My correspondent the generous liturgist Byron Stuhlman writes to share his own list of particularly influential fifteen authors. These lists are so interesting! Enjoy Byron’s selection:
1. The Bible, the basic witness to God.
2. The Book of Common Prayer, especially 1549 and 1979.
3. Louis Bouyer, Liturgical Piety, which introduced me to the paschal mystery as the basis of baptism, the eucharist, and the Christian Year when I was in college.
4. Gregory of Nyssa, who put me in touch with Eastern traditions in my college years (in Danielou’s selections) and later provided an alternative to Augustine’s version of the Christian story with his catechetical homily.
5. Alexander Schmemann, whose For the Life of the World and Introduction to Liturgical Theology made me familiar with Byzantine Liturgy.
6. Juan Mateos, whose articles and books first made sense of the daily office for me and introduced me to East Syrian worship.
7. Robert Taft, whose work on the liturgy of St. John Chrysostom made sense of the Byzantine eucharist for me.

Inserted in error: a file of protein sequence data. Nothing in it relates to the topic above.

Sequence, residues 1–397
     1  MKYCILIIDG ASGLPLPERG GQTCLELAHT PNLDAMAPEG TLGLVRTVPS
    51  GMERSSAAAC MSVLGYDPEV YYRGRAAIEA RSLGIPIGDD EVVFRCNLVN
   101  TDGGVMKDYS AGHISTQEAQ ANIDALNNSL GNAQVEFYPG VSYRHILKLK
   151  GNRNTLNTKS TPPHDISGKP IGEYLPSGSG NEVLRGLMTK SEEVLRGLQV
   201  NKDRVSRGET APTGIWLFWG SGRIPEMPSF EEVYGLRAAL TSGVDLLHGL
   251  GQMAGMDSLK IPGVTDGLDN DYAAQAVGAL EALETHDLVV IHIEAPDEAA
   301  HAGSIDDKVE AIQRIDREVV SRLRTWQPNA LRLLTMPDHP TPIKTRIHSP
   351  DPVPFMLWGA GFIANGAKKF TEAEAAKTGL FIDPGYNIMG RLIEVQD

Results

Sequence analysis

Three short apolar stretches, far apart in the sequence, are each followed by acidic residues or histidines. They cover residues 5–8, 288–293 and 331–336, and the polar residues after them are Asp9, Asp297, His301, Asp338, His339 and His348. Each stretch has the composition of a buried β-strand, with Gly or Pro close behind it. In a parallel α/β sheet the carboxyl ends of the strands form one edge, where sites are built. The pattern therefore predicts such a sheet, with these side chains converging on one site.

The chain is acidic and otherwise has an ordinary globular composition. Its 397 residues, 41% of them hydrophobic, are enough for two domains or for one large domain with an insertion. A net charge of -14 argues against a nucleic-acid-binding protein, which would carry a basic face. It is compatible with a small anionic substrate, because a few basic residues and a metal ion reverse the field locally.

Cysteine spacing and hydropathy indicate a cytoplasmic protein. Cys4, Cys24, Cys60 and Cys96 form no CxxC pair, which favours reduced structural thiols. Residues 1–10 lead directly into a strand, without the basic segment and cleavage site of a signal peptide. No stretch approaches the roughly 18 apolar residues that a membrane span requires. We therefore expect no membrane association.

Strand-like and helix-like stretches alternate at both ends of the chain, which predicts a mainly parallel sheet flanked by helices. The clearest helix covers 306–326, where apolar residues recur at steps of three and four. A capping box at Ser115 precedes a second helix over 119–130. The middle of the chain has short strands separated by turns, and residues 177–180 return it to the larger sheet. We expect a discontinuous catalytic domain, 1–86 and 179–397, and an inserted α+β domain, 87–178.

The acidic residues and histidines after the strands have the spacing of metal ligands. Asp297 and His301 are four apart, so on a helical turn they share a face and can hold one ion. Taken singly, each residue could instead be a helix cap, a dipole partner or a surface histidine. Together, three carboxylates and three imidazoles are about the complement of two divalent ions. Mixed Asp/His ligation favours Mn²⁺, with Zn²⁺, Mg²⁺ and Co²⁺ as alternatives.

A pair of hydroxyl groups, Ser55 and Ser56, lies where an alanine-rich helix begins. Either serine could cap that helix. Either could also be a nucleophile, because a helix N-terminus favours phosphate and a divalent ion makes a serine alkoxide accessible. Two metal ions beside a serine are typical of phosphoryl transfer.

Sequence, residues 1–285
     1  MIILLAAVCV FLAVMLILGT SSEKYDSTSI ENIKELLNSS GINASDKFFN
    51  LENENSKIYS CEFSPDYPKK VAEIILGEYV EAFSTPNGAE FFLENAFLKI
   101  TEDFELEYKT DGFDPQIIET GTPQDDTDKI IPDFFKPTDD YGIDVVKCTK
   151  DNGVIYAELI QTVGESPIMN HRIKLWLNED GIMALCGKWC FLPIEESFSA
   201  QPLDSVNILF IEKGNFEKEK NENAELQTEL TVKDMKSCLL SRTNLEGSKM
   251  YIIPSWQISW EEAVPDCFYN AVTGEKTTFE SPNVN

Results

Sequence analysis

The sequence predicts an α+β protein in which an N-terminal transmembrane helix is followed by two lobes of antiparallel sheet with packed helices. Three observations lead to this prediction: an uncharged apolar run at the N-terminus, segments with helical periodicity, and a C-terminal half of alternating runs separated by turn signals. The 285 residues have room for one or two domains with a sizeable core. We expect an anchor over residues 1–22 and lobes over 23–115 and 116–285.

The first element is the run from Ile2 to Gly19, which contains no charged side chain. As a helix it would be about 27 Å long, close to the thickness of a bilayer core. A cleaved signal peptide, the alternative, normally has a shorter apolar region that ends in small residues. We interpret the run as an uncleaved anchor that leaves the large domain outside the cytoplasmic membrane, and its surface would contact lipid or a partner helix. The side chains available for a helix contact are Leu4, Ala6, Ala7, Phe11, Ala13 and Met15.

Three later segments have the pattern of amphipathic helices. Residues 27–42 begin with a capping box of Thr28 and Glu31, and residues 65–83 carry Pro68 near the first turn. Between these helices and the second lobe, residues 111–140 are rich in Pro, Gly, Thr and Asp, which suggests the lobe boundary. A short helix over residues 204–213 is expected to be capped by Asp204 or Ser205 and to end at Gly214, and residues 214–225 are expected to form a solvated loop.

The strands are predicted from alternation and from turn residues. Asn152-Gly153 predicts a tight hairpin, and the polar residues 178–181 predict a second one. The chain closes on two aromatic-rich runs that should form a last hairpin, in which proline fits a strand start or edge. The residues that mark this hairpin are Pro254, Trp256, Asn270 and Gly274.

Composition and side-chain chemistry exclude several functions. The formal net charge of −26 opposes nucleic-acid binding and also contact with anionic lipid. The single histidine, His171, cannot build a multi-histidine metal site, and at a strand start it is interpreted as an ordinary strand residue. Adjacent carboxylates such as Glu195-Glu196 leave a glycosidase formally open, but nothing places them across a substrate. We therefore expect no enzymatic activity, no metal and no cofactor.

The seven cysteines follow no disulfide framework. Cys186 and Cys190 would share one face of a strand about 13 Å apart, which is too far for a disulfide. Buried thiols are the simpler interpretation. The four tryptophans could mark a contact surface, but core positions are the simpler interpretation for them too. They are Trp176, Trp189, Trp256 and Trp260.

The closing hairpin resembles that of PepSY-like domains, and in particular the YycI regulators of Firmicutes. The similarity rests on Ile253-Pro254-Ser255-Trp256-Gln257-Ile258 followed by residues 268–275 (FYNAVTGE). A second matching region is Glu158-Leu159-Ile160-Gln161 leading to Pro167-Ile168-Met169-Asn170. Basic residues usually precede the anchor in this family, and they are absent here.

8. Miguel Arranz, whose articles laid out the development of the Byzantine rites of initiation for me.
9. Abraham Heschel, for his masterpiece on the Sabbath.
10. Raymond Brown, for his work on John’s gospel and the trajectory of the New Testament.
11. John Macquarrie, for his masterful overview of Christian theology in his many books.
12. Jeremy Taylor, for his marvelous assimilation of Eastern theology and liturgy in the Anglican tradition (and for his courage to argue against Augustine.
13. Gregory Dix, whose Shape of the Liturgy first made sense of the eucharist for me.
14. Gordon Lathrop, for His Holy Things, a masterful liturgical theology.
15. Gregory Nazianzus, for his theological orations and his festal homilies.